A Cry at the Door

"As I was with Moses, so I will be with you; I will never leave you nor forsake you." --Joshua 1:5

Read: Joshua 1

As a new dad, one of the toughest things to do was to leave my daughters. Each morning, when I would head out into the garage to depart for work, I'd have to endure the heart-wrenching sound of their screams from behind the kitchen door. They were so distraught that I was leaving that my wife's explanations of my eventual return seemed to do little good. But that was then. Older and more confident that I'll always come back, they hardly notice my departures now. Whether I'm heading to the store for milk, or dropping them off at grandma's for the weekend, I'm lucky to get a second look when I'm heading out.

I'd be lying if I said I didn't miss them missing me so much. I know they love their daddy but part of me wishes that they were always a little more aware of my absence, a bit more hungry for my presence -- anything to make for a more dramatic, lasting embrace when I return.

At times, it may feel as if we've been left alone -- like our desperation has us crying at door for a father that is ambivalent to our desperation. But our heavenly Father never leaves our sides. We are His work so while there's never occasion for such a conspicuous exit, just know that He still loves it when we hunger for His presence and that our eventual reunion with Him will be all the more sweet as a result.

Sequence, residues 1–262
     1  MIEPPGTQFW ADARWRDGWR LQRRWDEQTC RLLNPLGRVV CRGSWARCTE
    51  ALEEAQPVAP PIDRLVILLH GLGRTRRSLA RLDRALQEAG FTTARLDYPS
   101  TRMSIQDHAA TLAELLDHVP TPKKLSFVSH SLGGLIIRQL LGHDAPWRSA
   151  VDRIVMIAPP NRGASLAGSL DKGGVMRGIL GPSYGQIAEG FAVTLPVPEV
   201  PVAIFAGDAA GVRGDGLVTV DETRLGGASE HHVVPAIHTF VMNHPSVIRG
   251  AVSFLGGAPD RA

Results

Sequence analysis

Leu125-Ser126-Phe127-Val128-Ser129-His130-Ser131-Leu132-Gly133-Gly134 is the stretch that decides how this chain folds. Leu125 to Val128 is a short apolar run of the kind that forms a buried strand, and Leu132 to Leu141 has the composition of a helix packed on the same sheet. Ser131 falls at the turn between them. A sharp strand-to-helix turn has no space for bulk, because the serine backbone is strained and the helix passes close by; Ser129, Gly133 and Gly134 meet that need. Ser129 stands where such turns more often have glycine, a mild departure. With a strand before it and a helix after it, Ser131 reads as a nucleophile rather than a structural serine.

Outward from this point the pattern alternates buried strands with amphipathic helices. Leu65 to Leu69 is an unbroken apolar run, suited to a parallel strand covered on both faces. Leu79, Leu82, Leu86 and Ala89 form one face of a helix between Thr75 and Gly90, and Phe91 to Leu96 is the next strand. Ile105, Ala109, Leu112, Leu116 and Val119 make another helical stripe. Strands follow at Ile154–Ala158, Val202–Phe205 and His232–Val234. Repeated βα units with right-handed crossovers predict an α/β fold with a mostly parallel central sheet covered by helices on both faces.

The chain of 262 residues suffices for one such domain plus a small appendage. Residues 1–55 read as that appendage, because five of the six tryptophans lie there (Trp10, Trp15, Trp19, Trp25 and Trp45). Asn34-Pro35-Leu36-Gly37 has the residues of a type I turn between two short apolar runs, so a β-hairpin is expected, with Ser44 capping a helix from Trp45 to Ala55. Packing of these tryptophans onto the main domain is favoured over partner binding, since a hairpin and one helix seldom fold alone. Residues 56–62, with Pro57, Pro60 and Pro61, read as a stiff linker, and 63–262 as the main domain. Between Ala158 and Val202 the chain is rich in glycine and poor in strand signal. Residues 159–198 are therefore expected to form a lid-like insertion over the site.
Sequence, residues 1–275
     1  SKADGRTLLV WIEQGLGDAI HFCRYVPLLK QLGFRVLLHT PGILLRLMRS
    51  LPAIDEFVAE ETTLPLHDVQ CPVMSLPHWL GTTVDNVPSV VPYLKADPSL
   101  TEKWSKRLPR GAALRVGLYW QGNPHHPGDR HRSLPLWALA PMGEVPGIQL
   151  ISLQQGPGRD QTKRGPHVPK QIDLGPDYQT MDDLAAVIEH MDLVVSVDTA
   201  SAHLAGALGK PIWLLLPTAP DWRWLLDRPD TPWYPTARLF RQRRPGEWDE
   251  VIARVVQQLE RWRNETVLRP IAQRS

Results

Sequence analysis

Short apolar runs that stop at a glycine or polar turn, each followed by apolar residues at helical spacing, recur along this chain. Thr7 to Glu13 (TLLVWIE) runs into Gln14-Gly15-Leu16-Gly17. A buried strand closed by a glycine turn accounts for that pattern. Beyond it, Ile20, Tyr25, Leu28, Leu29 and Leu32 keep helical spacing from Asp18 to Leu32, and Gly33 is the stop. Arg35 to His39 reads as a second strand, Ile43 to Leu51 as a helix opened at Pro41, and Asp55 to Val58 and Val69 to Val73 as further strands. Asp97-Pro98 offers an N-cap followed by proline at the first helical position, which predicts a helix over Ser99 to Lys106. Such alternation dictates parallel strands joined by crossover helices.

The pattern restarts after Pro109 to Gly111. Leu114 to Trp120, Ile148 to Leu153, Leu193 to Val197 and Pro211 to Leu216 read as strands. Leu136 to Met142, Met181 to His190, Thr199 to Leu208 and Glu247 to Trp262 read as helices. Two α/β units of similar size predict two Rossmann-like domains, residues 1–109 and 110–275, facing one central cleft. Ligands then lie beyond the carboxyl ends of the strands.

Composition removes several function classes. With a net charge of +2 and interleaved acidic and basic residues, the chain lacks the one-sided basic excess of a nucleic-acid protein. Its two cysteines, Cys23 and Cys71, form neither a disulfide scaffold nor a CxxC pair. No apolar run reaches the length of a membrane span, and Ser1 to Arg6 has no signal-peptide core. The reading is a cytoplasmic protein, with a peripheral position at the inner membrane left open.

--Eric Velazquez 

PRAYFIT GARNERS ENDORSEMENT FROM JOSH COX Elite ultramarathoner voices support for faith and fitness

"Jimmy and the PrayFit team embody the words Paul penned to Timothy, 'For physical training is of some value, but godliness has value for all things, holding promise for both the present life and the life to come.' (1 Tim. 4:8) Their daily devotional feeds my spirit and inspires my sweat!"

--Josh Cox, elite ultramarathoner, American record holder in the 50K

--Come back tomorrow for an in-depth Q&A with Josh Cox! Visit his website today at www.joshcox.com.


an effort to become more efficient runners, people will often train their legs harder. A few more miles per week, a few more lunges in the gym -- legs, legs, legs. But as any experienced runner will tell you, legs are only part of the equation. Core strength and stamina are incredibly important for maintaining proper mechanics, whether you're training for a 5K or running out a double in a softball game. Muscles in your abdomen, such as rectus abdominis, obliques and deep transverse abdominis, help to keep the torso stable when running, allowing the legs to do what they need to. But simple crunches won't suffice. Your core needs deep and dynamic work in order to strengthen your stride. If you're a runner, or just someone looking for a more athletic core, this routine will come in handy.

Plank - 30 sec. Side plank - 30 sec. (each side) Ab rollout - 10-12 reps Bicycle crunch - 30 sec. Mountain climber - 30 sec. Medicine ball twist - 30 sec.

--Perform all exercises as a circuit with little to no rest between moves. Do the entire circuit 2-3 times total, 2-3 times per week on non-running days. If you must perform your core work and runs on the same day, go running first -- doing your abdominal work first could compromise your running form, putting you at risk for injury.